AU Natecia Williams

Research – bioRxiv – PIC recruitment by synthetic reader-actuators to polycomb-silenced genes blocks triple-negative breast cancer invasion

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SRA_TNBC_2023_thumbPIC recruitment by synthetic reader-actuators to polycomb-silenced genes blocks triple-negative breast cancer invasion
Williams NL, Hong L, Jaffe M, Shields CE, Haynes KA. (2023) bioRxiv.

An exciting new approach for cancer therapy is to turn on genes within the cancer cells that can stop them from growing and spreading. This approach, called epigenetic therapy, uses small molecules (inhibitors) to block chromatin-modifying proteins that play a role in silencing anti-cancer genes. However, this approach has shown disappointing results in clinical trials for solid cancers, perhaps due to biological limitations. For example, inhibitors can accidentally activate the proteins they are supposed to block (e.g. EZH inhibitors promote EZH2/FOXM1 complexes, Mahara et al 2016), and inhibitors can’t turn on important gene-regulating proteins that are damaged in many cancers. To overcome these limitations we have developed a new tool, synthetic reader-actuators (SRAs), that directly targets chromatin-silenced regions, activates the pre-initiation complex (PIC), and turns on gene transcription. In this report we tested SRAs in triple negative breast cancer cells (BT-549) and identified 122 activated genes. SRA-expressing BT-549 cells showed reduced spheroid size over time, loss of invasion, and activation of apoptosis. While epigenetic drugs have not been successful in many clinical trials, by using synthetic proteins we showed that robust epigenetic reprogramming is possible in cells from solid cancers.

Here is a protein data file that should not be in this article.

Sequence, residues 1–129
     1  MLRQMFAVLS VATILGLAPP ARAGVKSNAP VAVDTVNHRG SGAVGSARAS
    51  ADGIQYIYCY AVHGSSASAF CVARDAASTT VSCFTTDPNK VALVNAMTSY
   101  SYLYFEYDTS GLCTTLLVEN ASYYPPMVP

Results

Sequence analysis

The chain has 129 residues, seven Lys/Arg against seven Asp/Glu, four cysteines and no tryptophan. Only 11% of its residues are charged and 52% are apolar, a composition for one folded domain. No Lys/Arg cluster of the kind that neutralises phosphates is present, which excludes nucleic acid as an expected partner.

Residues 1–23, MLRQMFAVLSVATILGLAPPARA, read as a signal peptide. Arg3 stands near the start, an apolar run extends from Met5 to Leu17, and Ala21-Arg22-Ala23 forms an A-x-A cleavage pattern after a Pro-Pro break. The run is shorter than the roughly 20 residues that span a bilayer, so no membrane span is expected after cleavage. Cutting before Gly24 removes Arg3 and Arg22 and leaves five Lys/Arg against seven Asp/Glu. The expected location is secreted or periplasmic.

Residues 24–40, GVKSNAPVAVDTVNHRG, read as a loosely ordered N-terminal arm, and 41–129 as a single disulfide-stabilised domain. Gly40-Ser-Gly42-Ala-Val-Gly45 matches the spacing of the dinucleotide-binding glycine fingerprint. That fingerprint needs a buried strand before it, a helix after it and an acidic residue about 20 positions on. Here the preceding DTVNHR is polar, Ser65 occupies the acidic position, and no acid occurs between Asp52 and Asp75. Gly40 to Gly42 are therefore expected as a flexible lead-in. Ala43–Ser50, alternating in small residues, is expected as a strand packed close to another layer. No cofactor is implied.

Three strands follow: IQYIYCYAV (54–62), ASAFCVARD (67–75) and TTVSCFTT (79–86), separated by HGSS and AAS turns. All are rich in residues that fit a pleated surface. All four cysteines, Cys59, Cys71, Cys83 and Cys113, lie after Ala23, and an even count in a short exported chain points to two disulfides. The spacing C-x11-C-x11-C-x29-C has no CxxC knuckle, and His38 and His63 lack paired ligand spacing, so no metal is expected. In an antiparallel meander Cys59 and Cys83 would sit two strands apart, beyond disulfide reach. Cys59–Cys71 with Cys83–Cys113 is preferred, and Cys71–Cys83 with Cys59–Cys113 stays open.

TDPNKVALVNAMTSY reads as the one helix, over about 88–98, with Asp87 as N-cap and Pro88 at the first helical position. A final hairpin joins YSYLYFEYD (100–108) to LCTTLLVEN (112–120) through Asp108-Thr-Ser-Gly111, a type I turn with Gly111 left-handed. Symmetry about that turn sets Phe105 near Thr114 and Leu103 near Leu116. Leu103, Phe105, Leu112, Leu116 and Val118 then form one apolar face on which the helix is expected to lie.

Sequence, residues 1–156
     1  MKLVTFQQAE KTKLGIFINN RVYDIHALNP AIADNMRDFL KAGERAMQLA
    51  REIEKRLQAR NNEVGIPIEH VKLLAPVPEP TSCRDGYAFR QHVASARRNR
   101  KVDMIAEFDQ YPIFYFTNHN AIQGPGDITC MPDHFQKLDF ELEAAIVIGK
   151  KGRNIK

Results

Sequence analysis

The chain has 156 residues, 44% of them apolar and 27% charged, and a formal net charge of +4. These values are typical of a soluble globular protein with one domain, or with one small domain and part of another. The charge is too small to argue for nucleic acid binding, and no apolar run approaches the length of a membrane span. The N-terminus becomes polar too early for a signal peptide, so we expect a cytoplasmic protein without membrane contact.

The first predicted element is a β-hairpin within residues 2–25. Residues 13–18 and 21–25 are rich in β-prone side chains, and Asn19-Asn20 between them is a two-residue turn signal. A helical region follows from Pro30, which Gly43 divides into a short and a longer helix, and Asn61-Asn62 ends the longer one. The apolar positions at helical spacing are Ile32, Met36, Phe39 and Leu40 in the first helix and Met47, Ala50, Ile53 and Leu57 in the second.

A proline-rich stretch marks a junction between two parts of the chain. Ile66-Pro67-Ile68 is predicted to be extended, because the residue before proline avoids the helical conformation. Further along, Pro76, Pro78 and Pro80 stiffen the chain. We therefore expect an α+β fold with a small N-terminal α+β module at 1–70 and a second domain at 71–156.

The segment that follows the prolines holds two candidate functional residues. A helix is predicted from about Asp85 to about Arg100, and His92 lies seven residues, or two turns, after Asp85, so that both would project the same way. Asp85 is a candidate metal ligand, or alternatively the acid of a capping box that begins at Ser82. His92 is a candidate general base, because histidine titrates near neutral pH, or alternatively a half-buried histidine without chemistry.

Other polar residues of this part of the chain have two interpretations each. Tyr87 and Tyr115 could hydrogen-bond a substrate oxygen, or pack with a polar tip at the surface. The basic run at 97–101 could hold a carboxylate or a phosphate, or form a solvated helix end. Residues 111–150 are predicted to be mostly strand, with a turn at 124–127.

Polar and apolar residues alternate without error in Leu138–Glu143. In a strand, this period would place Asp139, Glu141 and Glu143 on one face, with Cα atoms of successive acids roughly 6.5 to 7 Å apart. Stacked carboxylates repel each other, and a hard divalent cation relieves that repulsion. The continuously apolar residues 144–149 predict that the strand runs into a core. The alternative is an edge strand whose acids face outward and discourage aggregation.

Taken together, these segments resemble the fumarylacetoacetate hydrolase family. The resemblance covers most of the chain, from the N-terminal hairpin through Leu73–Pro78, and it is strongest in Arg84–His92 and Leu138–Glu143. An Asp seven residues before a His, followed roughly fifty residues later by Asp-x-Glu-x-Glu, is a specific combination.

Commentary – Nature SMB – Chromatin engineering offers an opportunity to advance epigenetic cancer therapy

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Chromatin engineering offers an opportunity to advance epigenetic cancer therapy
Baskin NL, Haynes KA. (2019) Nature Struct Mol Biol. 26: 842-845.
PMID: 31582843

After scientists had discovered that DNA damage is linked to cancer, further research revealed an additional culprit: the misregulation of normal, undamaged genes. DNA folding is a highly regulated process in which a DNA-RNA-protein network called chromatin ensures that genes are switched on and off in the appropriate time and place. In cancer, this process often becomes misregulated to the advantage of the cancer cell, allowing cancer cells to grow unchecked, evade anti-cancer drugs, and generate new tumors. This discovery has enabled scientists to develop a new class of cancer treatment called epigenetic therapy, which targets misregulated chromatin and therefore works differently at the molecular level compared to more traditional chemotherapies (e.g. cisplatin). In our commentary we discuss how protein engineering could be used to further advance epigenetic therapy so that it is more effective against difficult-to-treat cancers.